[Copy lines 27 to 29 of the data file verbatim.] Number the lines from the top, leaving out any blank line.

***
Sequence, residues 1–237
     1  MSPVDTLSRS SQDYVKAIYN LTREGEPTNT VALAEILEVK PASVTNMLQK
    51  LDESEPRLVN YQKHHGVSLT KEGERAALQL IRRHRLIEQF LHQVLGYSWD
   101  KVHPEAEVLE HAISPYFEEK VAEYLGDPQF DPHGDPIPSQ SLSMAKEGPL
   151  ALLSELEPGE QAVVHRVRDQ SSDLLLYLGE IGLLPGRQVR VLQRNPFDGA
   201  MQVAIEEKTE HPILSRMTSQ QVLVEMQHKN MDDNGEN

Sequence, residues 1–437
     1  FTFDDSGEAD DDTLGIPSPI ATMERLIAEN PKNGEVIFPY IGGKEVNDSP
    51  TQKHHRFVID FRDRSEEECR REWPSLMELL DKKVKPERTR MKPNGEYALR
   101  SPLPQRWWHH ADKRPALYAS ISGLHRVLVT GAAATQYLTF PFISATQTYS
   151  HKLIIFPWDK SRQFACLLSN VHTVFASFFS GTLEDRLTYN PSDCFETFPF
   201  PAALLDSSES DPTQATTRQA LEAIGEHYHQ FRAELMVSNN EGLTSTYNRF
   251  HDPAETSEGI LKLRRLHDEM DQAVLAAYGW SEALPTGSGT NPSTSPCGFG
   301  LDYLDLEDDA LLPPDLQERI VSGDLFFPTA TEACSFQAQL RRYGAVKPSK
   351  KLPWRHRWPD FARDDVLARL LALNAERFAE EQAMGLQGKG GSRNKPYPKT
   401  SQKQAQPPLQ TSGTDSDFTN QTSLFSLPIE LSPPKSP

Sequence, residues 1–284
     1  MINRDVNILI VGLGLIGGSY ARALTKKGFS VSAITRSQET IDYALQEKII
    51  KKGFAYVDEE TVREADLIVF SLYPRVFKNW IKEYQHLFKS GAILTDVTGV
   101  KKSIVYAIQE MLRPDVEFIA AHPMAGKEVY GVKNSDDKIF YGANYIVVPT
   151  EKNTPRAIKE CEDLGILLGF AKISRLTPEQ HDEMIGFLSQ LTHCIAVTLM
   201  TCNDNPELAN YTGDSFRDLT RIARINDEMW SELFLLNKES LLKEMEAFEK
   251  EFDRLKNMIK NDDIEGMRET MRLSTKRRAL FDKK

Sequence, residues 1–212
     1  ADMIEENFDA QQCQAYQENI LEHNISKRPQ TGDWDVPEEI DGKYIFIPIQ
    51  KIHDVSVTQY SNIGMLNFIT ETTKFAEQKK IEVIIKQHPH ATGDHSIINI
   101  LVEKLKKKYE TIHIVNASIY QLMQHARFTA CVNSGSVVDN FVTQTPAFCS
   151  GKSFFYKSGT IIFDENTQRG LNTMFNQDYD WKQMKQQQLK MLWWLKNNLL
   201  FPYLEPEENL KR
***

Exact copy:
   101  LVEKLKKKYE TIHIVNASIY QLMQHARFTA CVNSGSVVDN FVTQTPAFCS
   151  GKSFFYKSGT IIFDENTQRG LNTMFNQDYD WKQMKQQQLK MLWWLKNNLL
   201  FPYLEPEENL KR